Welcome to The Conversation’s Manifesto Check, where academics from across the UK subject each party’s manifesto to unbiased, expert scrutiny. The result will be a complete guide to the factual accuracy and plausibility of policies relating to health, education, the economy, and more, right across the political spectrum. Here, our expert examines the Labour Party’s early years policy – and finds it lacking.
Labour’s 2015 manifesto aims to improve life for children and it suggests that one effective means of achieving that aim is to invest in early years’ provision.
The claim is that a child’s language development at the age of two is a strong predictor of reading ability in primary school and later attainment. The evidence for this checks out: early language development is indeed an important precursor to reading and later attainment. Take, for example, vocabulary. At around the age of 18 months, young children’s vocabulary begins to expand rapidly and it is estimated that they learn words at a rate of one every two waking hours; a trend that will continue to adolescence.
Labour says it will “restore the role of Sure Start centres as family hubs”. A recent report from the OECD highlighted the link between young children’s early personal, social and emotional development and later academic attainment. It makes sense to provide the best possible care and educational opportunities in the early years of children’s lives, but do Sure Start centres represent the most effective method? And are they likely to contribute to closing the attainment gap seen between children from disadvantaged backgrounds and those from more affluent environments?
Let’s take a look at recent experience. Following their election in 1997, Labour pledged to improve services, including educational provision, with the aim of reducing the impact of poverty and social deprivation in England. The Sure Start initiative was introduced.
The National Evaluation of Sure Start team did find some positive impacts on a range of factors including three-year-olds' personal and social development, but there has been criticism of the initiative. Early childhood education experts have stated that:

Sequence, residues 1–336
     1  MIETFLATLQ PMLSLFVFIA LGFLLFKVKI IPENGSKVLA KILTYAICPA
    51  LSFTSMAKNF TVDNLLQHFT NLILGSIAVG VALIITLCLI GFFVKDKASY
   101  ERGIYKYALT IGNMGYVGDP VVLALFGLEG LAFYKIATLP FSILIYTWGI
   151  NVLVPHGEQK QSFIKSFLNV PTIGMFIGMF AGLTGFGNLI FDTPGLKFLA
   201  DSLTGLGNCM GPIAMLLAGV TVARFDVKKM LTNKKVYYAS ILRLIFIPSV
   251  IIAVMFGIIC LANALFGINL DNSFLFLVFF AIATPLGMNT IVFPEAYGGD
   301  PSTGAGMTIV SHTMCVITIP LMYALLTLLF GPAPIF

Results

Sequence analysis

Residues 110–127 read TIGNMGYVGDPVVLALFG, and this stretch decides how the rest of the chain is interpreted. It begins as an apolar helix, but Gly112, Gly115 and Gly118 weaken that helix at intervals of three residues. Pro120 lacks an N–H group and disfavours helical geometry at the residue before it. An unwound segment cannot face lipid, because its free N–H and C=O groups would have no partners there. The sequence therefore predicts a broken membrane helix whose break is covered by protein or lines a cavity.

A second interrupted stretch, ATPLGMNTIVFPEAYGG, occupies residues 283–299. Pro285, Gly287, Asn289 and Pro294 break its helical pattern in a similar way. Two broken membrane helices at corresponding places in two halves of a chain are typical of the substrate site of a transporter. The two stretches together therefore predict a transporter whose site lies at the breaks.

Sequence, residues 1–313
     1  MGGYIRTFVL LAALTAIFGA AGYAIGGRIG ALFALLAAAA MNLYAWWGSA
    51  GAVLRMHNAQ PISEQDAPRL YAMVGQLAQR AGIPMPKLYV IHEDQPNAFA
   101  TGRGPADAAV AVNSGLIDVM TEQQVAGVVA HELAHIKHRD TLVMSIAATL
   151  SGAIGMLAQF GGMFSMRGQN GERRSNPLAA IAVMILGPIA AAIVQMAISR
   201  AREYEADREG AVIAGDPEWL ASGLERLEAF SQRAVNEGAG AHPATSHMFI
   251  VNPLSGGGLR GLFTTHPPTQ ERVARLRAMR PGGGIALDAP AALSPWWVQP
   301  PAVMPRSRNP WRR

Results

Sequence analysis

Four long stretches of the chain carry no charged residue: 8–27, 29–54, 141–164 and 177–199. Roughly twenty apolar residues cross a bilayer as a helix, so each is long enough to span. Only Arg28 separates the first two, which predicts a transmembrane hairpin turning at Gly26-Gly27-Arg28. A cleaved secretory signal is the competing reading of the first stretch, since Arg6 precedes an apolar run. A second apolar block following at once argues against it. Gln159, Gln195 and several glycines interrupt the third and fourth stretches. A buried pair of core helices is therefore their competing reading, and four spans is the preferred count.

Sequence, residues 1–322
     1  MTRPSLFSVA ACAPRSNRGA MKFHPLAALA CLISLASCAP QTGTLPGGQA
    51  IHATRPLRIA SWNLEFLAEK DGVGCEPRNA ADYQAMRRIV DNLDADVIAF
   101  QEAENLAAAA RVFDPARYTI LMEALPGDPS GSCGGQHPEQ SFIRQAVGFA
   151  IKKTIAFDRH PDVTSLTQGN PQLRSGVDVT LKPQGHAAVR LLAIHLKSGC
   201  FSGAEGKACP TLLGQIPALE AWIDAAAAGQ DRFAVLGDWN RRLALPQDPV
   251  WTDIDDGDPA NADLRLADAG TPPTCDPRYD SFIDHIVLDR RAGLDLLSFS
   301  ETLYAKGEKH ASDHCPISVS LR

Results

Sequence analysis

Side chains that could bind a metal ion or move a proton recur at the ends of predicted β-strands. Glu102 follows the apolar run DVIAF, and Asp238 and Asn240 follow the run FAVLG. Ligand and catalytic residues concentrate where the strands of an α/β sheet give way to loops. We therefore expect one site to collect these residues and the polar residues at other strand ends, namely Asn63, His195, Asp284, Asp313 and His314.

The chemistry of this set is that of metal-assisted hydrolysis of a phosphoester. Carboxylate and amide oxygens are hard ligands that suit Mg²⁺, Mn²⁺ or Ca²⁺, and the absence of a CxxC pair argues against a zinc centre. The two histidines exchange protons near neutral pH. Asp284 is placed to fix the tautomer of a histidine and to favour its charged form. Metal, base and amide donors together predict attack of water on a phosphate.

These interventions have been undertaken in a piecemeal fashion and so far have had only a very partial impact in breaking the link between poverty and poor educational attainment.
In 2011, I analysed the early reading and mathematics development of children starting school between 2001 and 2009, a period that included the introduction and embedding of Sure Start local programmes, and concluded that there were no significant changes.
More recently, my colleagues and I analysed data for groups of children starting school between 2000 and 2006, following them up to the end of primary schools. We concluded:
The gap appears to remain consistent and overall, there is little evidence to suggest that it is closing over time for either Maths or English. On average, children who are entitled to free school meals start school with lower scores in reading and mathematics than their peers and that this trend persists to the end of primary school.
Academics have warned that while interventions might appear to be promising when trialled in optimum environments, it is difficult to bring about effective change when they are scaled up to community-based programmes.
If Labour is to bring about positive change through a revival of Sure Start, serious consideration needs to be taken of the programmes that the centres provide and the strategies to attract the families in most need of the facilities rather than continue to replicate a system that doesn’t have good evidence of impact. A crucial element of success is a high quality, well-planned evaluation programme so that provision can be continuously monitored and improved.
In education policies released before the full manifesto, Labour has also pledged to continue the early years pupil premium “working with early years settings to ensure it is used effectively” with the aim of helping all children, whatever their background, to be fluent readers by the age of 11.
This should surely be a popular policy but, again, research has shown that it is difficult to raise standards. For example, we reviewed many studies and found that the reading standards of children aged 11 remained almost static over a period of more than 50 years from the 1950s up to when out review was published in 2007.
The Pupil Premium Toolkit, published by the Education Endowment Foundation, reviews the effectiveness of a wide range of educational interventions and provides a really useful evidence base for planning future improvements to education system but we still need to be wary. Small-scale research studies often have a much bigger impact than when a programme is scaled up. Again I would strongly recommend evaluation of impact be built in from the outset rather than spending money and finding out too late that nothing has changed.
Christine Merrell receives funding from Esme Fairbairn Foundation. For the research investigating standards over time in reading and mathematics by Tymms and Merrell in 2007, which was published as part of the Cambridge Primary Review, the authors received an honorarium of £1,000, which was paid to the Centre for Evaluation and Monitoring at Durham University.
Authors: The Conversation